Stolz, Ugur Acioglu is holding his town’s cookbook in his hands. “A Taste of Sun and Fire” is the name of the colorfully illustrated volume. “It only contains 163 of Gaziantep’s 500 recipes,” says Acioglu, who represents the interests of the 600 restaurants in the city in south-eastern Turkey in the Chamber of Commerce. She also commissioned the book and launched it in Turkish and English.
Acioglu learned the cooking trade from his father. He was seven when he stood with him in the restaurant kitchen for the first time, every weekend and every holiday week. He learned what his father had learned from his mother. In 1991, Ugur Acioglu took over the family restaurant and, with youthful enthusiasm, first tried his hand at catering. He quickly returned to what is the strength of Gaziantep’s cuisine: slow food.
Fertile soil along the Silk Road
At that time, the city made a big leap economically. Gaziantep left poverty behind earlier than other cities in Anatolia. Industrialization began in the 1980s, making Gaziantep one of the oldest “Anatolian tigers” and bringing prosperity to many people.
That had its price. Few places in Anatolia and the entire Middle East are blessed with such fertile soil and near-ideal climate as this northern Mesopotamian city. That is why Gaziantep also became a station along the Silk Road. “But now the appreciation for agriculture has declined,” says Acioglu, “the quality of the products has deteriorated, and even working in gastronomy has lost its attraction among young people.”
Gaziantep had a reputation to lose, because in Turkey the city has always been considered a place for gastronomy. But now she lacked the specialists for the dishes, such as baklava, the dessert “Nightingale’s Nest”, the many types of kebab and kofte. In the fledgling industrial city, people like Ugur Acioglu struggled to be top notch again. To this end, the Chamber of Commerce launched a program to improve the seeds. With a lot of effort they were distributed to the farmers and in the villages.
Psychologically important, UNESCO rewarded Gaziantep. In 2015, the United Nations Educational, Scientific and Cultural Organization included Gaziantep in its “Creative Cities Network”. There, the metropolis benefits from the exchange with other creative cities on five continents in the gastronomy department. In addition, “Gaziantep Baklava” has now been registered with the EU as a geographically protected designation of origin.
“Every house used to have an orchard”
Now the people around Acioglu were faced with the question of how the city’s recipes, which had been passed down by the mothers over centuries, should be carried on into the future. Supported by the European Union, they founded the “Academy of Culinary Arts Gaziantep” and thus formalized the training of chefs and confectioners.
In the first year, 50 young Turks are trained by successful chefs and confectioners for 18 months. “For the needs of the city’s gastronomy,” says Acioglu. The courses range from the sustainable use of agricultural products and food – “nothing should be thrown away,” says Acioglu – to the multi-course menus that are offered in the two attached training restaurants. And it shouldn’t stop there. The academy should grow. Acioglu wants to attract restaurateurs and chefs from other parts of Turkey and abroad to Gaziantep for courses. You should see how the animals are raised here, how they are slaughtered, how they are marinated, how the kebab is made here, how they bake in the wood oven and over charcoal fire – and what uses the tomato has locally.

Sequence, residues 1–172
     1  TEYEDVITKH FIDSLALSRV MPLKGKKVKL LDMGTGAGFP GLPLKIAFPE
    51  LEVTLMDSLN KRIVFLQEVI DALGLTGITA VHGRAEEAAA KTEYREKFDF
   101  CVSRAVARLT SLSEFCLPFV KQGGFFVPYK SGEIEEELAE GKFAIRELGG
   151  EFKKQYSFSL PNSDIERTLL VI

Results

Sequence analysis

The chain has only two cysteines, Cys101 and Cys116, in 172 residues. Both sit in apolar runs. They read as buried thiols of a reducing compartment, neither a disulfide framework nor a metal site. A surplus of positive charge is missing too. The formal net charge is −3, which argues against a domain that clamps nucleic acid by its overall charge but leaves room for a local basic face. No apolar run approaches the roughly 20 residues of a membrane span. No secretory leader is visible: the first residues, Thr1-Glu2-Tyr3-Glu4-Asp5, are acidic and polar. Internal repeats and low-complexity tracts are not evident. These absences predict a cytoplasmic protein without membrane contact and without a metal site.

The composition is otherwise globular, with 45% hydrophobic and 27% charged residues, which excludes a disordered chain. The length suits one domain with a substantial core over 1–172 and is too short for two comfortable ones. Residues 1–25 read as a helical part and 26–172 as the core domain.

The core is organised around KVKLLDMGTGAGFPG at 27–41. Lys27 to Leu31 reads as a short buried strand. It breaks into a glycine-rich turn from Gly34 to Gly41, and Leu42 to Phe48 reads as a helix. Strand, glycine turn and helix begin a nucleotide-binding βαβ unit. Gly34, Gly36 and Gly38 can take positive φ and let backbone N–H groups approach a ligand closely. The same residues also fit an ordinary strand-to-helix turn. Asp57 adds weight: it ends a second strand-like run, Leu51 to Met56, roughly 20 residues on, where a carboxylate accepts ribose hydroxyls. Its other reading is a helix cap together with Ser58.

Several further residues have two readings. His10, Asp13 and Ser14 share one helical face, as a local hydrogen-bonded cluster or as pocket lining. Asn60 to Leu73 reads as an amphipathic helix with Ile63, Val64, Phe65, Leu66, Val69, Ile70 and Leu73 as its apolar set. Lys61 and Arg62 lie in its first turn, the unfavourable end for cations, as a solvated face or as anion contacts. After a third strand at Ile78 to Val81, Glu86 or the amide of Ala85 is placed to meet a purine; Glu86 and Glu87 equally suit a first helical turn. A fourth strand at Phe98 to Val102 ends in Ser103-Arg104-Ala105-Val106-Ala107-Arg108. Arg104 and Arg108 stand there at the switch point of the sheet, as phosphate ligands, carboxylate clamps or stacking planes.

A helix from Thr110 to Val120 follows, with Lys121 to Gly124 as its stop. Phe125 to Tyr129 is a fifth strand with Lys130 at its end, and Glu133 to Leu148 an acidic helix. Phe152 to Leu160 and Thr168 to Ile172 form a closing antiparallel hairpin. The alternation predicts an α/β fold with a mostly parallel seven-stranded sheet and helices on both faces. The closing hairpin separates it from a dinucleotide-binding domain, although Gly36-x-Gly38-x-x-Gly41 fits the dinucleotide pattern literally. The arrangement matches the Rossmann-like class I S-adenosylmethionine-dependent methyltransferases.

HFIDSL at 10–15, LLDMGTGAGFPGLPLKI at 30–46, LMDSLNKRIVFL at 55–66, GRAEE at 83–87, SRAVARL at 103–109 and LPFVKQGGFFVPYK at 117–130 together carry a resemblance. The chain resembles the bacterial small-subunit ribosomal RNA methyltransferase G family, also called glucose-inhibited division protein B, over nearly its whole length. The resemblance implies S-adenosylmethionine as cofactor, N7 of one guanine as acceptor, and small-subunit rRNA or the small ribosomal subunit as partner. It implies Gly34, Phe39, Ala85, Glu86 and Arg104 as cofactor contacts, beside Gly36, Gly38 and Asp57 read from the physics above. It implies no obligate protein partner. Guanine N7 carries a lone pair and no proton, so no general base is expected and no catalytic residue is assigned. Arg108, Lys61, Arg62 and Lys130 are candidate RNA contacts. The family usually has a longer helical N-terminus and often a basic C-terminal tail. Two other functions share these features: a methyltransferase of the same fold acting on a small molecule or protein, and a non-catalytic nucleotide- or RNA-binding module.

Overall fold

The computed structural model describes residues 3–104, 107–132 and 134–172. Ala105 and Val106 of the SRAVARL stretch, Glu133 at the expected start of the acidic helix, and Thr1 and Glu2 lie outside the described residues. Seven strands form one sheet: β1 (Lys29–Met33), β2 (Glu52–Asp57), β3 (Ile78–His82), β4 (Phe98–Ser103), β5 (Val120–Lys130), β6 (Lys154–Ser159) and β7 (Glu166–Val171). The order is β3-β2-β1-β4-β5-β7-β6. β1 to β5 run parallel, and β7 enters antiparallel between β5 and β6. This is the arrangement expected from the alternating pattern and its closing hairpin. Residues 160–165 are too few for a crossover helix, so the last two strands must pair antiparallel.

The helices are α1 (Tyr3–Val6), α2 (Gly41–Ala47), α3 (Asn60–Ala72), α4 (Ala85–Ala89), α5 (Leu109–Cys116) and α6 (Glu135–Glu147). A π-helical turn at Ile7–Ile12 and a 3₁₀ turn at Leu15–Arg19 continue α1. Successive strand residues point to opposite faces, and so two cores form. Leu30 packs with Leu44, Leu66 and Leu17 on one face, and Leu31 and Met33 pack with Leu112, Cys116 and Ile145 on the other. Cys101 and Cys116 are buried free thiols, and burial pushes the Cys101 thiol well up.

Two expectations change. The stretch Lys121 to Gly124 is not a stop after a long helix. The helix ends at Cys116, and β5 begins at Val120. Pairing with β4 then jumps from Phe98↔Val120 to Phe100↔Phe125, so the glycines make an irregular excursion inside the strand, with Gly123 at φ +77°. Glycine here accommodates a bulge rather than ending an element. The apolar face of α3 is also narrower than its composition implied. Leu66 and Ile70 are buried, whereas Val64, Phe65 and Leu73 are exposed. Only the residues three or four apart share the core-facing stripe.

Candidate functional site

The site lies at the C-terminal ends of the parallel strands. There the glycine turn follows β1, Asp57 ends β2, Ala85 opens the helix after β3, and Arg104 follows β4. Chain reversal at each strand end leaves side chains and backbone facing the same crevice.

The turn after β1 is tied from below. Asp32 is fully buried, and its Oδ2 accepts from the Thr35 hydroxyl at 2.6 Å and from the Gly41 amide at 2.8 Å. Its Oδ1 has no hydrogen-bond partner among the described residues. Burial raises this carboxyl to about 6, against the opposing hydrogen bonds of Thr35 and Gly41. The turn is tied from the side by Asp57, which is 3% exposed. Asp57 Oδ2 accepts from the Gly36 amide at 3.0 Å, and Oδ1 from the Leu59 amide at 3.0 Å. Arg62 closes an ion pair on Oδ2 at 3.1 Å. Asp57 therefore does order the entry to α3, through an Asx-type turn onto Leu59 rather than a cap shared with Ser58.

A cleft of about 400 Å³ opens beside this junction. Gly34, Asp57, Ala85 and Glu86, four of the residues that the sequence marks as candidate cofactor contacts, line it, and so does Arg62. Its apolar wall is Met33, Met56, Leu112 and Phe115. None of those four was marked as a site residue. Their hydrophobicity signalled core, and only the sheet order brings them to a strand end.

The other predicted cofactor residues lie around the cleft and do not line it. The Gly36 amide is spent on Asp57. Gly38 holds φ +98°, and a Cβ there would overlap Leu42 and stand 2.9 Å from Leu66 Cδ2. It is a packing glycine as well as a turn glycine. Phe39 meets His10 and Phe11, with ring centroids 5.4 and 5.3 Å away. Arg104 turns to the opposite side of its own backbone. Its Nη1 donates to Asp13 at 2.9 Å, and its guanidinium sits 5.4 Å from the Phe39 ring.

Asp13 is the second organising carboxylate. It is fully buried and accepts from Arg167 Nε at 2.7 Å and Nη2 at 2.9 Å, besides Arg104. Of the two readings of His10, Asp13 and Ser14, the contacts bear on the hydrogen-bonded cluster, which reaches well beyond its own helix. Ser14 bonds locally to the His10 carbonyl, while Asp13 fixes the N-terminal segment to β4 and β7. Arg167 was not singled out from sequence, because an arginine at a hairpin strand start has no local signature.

Actually the tomato. “It’s only been a part of our cuisine for a century,” says Acioglu. For a long time it was only used as animal feed. “Until the French occupiers made us familiar with the tomato after the First World War.” Otherwise, however, the residents had resisted so heroically that the founder of the republic, Atatürk, gave the city, which was then called Antep, the honorary title of Gazi, “warrior”. and renamed it Gaziantep. Only a little of the former idyll remains. “Every house used to have an orchard,” Acioglu recalls.
The quality of the grapes and quinces was well known. The main difference to other regional cuisines was the quality of the vegetables, such as aubergines, and the spices, such as red pepper. In the bazaar, the colors of the spices continue to be a feast for the eyes, and the scent is intoxicating. And finally, the interaction of the first-class local products flour, pistachios and buffalo milk results in the baklava, the most famous of all Turkish desserts.
“In Gaziantep, gastronomy is also synonymous with festivals, intercultural dialogue and social cohesion,” writes UNESCO in its verdict. Acioglu explains: “The city used to be a tangle of cul-de-sacs, and in each cul-de-sac doors opened into a dozen houses.” When a house received visitors, the neighbors gathered there. Turks, Armenians and Jews cooked together, mothers found daughters-in-law, the elders looked after the young people, gave them advice and motivated them.
That’s history. But it lives on in institutions such as soup kitchens. A new layer is laid over the long history of the city, which has been inhabited for thousands of years by Hittites, Arabs and Turks in a place blessed by nature in Mesopotamia. “Every civilization had its dishes that it passed on.” So Acioglu isn’t just proud of his cookbook and the academy he helped found. He is particularly proud of the variety of dishes in his city, which has no equal, at least in Turkey.